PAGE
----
So Goodall, ii. 359,

4

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CHAP, selves" the first inventars, writars with thair

“ own hand of that devilish band, the conspiracie “ of the slaughter of her late spouse, presentit to “ thair wickit confederate Bothwell, as was made “manifest befoir ten thousand people, at the “execution of certain the principal offendaris at

Edinburghør.” The paper was presented by Lesly himself, in consequence of which the regent produced on the 13th, the genuine Confessions of the criminals at the place of execution. Amidst those vague assertions, however, concerning the bond which was devised and signed by Balfour and Lethington, whom Lesly durst not name, it is observable that he is silent concerning the only fact in dispute, though inserted in his Instructions without hesitation, namely, that the queen's innocence, and the guilt of her accusers, were attested by the criminals themselves at their death. But the fact wbich he durst not assert at the conference, is intro- . duced at length, in his Defence of Mary's Honour: • Is it not full well known think ye, that ye and the “ Earls Bothwell, Morton and others assembled at " the castle of Craigmillar and other placesat divers “ times to consult and devise upon this mischief ? “ If need were we could reherse and recount the “ whole sum and effect of the oration made by

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37 Goodall, ii. 211. Anderson, iv. 129.

CHAP.
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“ the most eloquent amongst you, to stir up, ex“ hort and inflame your faction then present, to de“ termine and resolve themselves to dispatch and “ make a hand with the Lord Darnley. We can “ tell you that there were interchangeable inden“ tures made and subscribed by you, that he which “ had the best opportunity offered, to make him “ away, should forthwith take it in hand, and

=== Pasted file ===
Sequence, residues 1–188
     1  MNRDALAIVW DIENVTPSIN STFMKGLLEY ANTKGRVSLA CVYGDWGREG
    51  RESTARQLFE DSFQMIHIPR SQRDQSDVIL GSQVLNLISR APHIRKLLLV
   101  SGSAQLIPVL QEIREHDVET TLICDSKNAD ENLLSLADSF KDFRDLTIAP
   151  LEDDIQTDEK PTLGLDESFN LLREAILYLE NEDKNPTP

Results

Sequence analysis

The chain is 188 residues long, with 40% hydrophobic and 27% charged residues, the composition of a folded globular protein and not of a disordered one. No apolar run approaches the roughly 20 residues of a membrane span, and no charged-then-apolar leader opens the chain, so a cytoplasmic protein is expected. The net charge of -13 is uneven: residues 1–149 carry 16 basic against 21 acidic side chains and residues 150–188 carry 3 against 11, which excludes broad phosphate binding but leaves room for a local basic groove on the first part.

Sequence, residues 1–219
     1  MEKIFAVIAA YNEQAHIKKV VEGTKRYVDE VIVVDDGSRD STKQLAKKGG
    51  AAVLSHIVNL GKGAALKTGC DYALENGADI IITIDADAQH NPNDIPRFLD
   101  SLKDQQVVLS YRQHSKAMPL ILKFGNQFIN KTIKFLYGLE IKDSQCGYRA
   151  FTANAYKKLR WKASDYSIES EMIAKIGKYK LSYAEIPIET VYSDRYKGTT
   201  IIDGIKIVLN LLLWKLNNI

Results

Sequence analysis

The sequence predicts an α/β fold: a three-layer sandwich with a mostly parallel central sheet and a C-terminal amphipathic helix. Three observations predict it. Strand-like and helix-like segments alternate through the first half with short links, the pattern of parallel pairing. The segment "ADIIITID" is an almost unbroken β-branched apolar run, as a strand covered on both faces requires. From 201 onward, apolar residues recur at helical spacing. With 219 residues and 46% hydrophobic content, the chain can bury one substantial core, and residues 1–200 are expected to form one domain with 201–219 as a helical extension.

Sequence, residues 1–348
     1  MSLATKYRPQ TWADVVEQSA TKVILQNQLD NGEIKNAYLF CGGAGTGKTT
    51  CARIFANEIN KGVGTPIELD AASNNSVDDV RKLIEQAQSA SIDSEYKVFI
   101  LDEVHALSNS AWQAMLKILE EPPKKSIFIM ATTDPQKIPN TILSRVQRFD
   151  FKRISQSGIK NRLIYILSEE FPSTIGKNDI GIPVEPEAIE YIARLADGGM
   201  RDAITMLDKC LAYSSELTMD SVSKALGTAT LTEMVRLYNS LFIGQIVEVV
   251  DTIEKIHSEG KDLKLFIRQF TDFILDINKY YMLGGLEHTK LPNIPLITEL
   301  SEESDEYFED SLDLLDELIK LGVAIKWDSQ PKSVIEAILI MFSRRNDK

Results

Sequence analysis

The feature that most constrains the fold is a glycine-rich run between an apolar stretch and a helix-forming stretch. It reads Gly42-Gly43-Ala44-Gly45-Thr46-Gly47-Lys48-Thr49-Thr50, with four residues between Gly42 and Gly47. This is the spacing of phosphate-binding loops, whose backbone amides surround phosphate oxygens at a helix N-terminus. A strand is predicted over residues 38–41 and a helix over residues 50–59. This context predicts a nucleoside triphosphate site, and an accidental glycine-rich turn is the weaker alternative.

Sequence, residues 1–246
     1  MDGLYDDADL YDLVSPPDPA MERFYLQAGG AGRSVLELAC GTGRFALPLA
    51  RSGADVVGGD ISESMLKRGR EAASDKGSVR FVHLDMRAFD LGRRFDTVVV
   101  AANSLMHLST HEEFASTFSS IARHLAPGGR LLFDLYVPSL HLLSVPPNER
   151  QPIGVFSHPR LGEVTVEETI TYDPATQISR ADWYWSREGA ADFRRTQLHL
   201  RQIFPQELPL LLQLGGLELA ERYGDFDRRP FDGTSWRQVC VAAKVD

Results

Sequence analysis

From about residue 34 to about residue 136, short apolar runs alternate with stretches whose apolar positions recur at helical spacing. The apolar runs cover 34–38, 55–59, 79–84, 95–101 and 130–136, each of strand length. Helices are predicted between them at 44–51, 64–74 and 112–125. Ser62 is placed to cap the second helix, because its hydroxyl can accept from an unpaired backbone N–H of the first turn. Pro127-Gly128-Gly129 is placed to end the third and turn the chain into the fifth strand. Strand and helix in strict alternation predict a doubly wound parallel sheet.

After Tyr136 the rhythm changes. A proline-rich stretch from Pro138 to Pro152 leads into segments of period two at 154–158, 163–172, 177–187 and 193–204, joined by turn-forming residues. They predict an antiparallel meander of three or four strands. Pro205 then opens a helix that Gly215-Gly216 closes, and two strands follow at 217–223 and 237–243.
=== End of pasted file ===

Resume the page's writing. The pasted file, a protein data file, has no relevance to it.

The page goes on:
dispatch him. We can tell you, and so can five “ thousand and more of their own hearing, that “ John Hepburn the Earl Bothwell's servant, “ being executed for his and your traiterous fact, “ did openly say and testify, as he should answer " to the contrary before God, that you were prin

cipal authors, counsellors and assisters with his

master, of this execrable murder, and that his " said master so told him; and farthermore, that “ he himself had seen the indentures we spake of. “ We can tell you that John Hay of Galloway,

(Talla) that Powrie, that Dalgleish, and last of “ all that Paris, all being put to death for this “ crime, took God to record, at the time of their

death, that this murder was by your counsel, “ invention, and drift committed, who also de“ clared that they never knew the

participant or aware thereof; that as for no “ torments nor fair promises they could be

brought falsely to accuse their mistress, so “ without any torments at all they have voluntarily purged her, and so laid the burden

upon

queen to be